Voracious Vines

shutterstock_288584858The theme of Punch and Press, and of Brandon’s life, is developing people and cultivating potential. True to his nature, and to the roles he plays in my life, pastor, friend and boss, Brandon challenged me to grow when he asked me to write a guest post for Punch and Press. I’m so thankful that he shoves me right out of my comfort zone on a regular basis! – Lisa Malstrom

voracious: (adj.) excessively greedy and grasping

The last few years have comprised a particularly busy season of our lives. My husband and I have been focused on our kids, who were finishing high school and beginning college; our aging parents, who suddenly required more assistance from us; and our jobs, which were fulfilling but demanding. Yard maintenance fell to the bottom of our priority list. We did pay some guys to come mow the grass each week, and when a weed in a front flowerbed became tall enough to pull without bending over to reach it, I usually took the time to yank it out. Truthfully, we put forth these meager efforts mostly to avoid threatening letters from the neighborhood association.

When we recently decided to downsize and put our house on the market, I surveyed the true condition of our landscape. For the first time in many years, I looked at our yard with fresh eyes. The shrubs had branches poking out at wild angles, reminding me of little boys with crazy bedhead. The begonias I planted last year (in a brief, deluded effort to compete for yard of the month) had succumbed to relentless heat, mischievous squirrels and general neglect, leaving behind just a few ragged stragglers. Most shocking, was the cheeky vine that had appeared in the flowerbed along our back fence. Not only had the vine swallowed the flowers, invaded the bushes, and scaled the fence, it had also leapt to a nearby branch and blanketed the entire canopy of a large oak tree!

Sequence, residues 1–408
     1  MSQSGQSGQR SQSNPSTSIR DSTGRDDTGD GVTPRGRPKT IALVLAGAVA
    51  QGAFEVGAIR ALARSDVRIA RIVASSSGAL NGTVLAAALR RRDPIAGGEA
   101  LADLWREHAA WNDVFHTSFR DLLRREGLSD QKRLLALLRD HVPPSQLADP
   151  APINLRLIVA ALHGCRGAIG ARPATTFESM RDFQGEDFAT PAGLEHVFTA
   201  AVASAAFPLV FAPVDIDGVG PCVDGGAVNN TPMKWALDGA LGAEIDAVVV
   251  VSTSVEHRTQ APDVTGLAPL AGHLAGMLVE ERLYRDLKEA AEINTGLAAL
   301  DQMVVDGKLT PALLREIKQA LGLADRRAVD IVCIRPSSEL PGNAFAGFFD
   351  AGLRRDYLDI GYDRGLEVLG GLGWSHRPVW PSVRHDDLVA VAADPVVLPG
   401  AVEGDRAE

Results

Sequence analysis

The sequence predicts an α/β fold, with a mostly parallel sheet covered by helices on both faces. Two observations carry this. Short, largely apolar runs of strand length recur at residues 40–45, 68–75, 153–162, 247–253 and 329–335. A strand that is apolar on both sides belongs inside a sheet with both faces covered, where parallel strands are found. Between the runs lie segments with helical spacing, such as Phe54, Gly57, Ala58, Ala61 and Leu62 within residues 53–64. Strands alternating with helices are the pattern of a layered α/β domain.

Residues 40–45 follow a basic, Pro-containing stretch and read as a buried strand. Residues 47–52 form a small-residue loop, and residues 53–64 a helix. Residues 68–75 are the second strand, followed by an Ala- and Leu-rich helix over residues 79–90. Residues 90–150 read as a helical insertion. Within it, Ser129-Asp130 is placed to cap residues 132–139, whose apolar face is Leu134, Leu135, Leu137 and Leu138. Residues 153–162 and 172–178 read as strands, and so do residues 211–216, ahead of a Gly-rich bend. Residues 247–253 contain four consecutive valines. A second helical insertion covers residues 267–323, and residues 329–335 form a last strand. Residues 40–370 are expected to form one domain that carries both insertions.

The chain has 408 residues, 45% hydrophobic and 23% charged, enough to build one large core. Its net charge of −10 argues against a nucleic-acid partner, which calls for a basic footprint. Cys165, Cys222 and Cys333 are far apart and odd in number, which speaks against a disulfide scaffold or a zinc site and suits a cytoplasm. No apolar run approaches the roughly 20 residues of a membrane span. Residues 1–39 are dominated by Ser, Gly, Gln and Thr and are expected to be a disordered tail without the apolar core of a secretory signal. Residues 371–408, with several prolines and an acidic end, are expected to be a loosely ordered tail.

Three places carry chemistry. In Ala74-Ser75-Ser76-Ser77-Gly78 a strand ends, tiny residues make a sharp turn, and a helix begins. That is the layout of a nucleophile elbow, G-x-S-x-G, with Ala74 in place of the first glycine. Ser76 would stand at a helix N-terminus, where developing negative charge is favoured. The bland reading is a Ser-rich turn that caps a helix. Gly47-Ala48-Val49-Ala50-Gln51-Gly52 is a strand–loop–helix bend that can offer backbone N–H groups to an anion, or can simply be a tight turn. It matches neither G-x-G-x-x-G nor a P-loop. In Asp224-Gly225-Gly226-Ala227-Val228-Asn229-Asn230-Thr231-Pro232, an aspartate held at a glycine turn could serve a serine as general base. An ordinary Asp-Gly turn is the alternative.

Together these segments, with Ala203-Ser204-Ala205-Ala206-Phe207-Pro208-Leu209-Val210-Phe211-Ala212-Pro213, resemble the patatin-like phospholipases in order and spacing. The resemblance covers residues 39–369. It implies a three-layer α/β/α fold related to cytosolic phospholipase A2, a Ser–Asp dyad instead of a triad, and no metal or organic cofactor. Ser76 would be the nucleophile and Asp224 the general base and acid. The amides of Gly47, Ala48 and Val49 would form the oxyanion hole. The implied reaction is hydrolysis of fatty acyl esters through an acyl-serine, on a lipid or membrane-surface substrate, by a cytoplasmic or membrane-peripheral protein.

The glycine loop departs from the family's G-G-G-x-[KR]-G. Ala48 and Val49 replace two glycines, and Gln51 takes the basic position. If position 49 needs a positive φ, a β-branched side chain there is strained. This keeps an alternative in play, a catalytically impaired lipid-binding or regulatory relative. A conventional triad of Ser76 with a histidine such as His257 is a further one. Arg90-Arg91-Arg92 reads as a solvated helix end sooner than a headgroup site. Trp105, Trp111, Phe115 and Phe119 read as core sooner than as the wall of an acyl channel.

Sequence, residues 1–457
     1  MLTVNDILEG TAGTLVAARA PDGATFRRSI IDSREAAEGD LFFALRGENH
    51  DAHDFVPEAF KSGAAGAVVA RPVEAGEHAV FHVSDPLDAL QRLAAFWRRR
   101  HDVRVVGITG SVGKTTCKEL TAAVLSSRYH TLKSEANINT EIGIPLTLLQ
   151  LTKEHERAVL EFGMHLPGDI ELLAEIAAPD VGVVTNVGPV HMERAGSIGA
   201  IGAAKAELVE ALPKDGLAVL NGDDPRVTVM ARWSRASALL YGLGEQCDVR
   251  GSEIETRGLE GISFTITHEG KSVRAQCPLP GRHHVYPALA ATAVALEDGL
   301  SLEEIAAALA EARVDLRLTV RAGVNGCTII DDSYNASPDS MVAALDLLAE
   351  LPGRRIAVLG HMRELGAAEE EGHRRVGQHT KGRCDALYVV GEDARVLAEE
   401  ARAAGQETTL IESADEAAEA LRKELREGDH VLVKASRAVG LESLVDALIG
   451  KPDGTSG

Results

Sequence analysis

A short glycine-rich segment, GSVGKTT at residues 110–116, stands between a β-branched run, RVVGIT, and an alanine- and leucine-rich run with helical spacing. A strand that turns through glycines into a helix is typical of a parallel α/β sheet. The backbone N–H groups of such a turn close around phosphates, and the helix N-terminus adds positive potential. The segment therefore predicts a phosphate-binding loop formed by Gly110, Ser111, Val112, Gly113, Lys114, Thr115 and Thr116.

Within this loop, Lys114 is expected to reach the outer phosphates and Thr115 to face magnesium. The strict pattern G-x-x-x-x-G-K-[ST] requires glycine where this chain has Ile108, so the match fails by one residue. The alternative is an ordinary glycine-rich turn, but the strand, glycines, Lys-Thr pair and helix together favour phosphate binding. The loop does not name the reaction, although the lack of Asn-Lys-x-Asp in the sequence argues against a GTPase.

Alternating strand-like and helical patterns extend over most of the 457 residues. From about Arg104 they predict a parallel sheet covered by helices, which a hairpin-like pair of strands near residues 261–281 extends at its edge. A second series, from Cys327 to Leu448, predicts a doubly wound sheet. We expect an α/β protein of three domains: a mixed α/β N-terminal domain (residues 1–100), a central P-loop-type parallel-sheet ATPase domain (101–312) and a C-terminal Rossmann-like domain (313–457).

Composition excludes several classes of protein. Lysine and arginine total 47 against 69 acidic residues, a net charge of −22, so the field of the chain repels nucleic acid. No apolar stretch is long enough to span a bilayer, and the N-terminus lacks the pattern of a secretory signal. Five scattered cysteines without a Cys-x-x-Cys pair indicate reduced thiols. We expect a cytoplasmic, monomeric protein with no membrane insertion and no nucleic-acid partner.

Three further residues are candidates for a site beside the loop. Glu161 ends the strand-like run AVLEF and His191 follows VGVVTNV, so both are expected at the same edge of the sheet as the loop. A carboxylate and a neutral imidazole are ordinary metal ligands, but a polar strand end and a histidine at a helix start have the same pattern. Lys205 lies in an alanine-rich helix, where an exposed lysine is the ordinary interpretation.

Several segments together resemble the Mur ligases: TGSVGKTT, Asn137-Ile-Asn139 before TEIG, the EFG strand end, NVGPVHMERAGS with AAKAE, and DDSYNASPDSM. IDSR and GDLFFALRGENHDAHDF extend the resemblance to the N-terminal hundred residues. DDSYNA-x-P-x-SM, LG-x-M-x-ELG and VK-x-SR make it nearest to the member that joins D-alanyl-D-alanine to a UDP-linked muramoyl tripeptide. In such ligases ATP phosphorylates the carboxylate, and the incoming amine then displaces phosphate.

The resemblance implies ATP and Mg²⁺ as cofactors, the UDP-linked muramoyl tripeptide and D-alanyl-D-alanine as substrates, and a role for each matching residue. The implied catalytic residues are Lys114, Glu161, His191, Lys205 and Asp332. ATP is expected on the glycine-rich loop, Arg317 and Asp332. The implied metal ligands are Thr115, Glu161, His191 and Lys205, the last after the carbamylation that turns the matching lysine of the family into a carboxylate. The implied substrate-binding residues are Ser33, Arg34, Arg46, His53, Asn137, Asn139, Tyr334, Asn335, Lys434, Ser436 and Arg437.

During this busy season of life, I have allowed the landscape of my spiritual life to become messy and overgrown as well. I’ve tended to the outwardly visible parts just enough to avoid criticism from those around me who might be watching. When a bad habit or sinful attitude becomes obvious, I usually take the time to yank it out. Occasionally I resolve to become more holy by starting a new devotional or Bible study (perhaps in a brief, deluded effort to compete for Christian of the month?) Like my shabby begonias, those efforts suffered from half-hearted intentions, and general neglect. Most shocking, are the cheeky little vines! My salvation is sure. I am saved by God’s grace, but at times the fruit of my walk with God is obscured by pervasive little vines:

  • giving in to timidity instead of sharing my faith and my life with others
  • neglecting healthy spiritual disciplines like focused prayer and soaking in scripture
  • wasting hours on social media and other selfish pursuits
  • valuing other people’s opinions of me more than God’s opinion of me (see above!)
  • neglecting to intentionally invest the talents God has given me

We asked our friend, Craig, to help us spruce up our yard. Because he is a professional landscaper, he knew exactly what the yard needed and he had the tools to accomplish the task. Within a few hours, he had pruned, mulched and prettied up our property. He even tamed the brazen vine! I could not believe how great our yard looked after some tender care from an experienced gardener! I was reminded of John 15:1-4 where Jesus tells his disciples,

“I am the true grapevine, and my Father is the gardener.  He cuts off every branch of mine that doesn’t produce fruit, and he prunes the branches that do bear fruit so they will produce even more.  You have already been pruned and purified by the message I have given you.  Remain in me, and I will remain in you. For a branch cannot produce fruit if it is severed from the vine, and you cannot be fruitful unless you remain in me.”

Our now beautiful yard is sure to impress buyers. While I am not looking to impress anyone but God with my spiritual life, it’s time to be more intentional about caring for that as well. I will start by asking the Father to prune out fruitless habits. I will mulch with the rich, protective covering of God’s Word, and I will trust Jesus to make my life beautiful as I remain in Him.

5 Comments »

  1. Lisa, a beautiful article and a great reminder! I am busy, busy volunteering, busy running the kids, and busy with unfruitful habits. This article is a good reminder to get my focus back on what is important & eternal!

    Like

  2. LOVE my friend, Lisa Malstrom. So blessed to read this post. I hear your heart in every word. Miss you, my friend. How much I cherish that season we spent together. Thanks for sharing!

    Like

Leave a Reply

Fill in your details below or click an icon to log in:

WordPress.com Logo

You are commenting using your WordPress.com account. Log Out / Change )

Twitter picture

You are commenting using your Twitter account. Log Out / Change )

Facebook photo

You are commenting using your Facebook account. Log Out / Change )

Google+ photo

You are commenting using your Google+ account. Log Out / Change )

Connecting to %s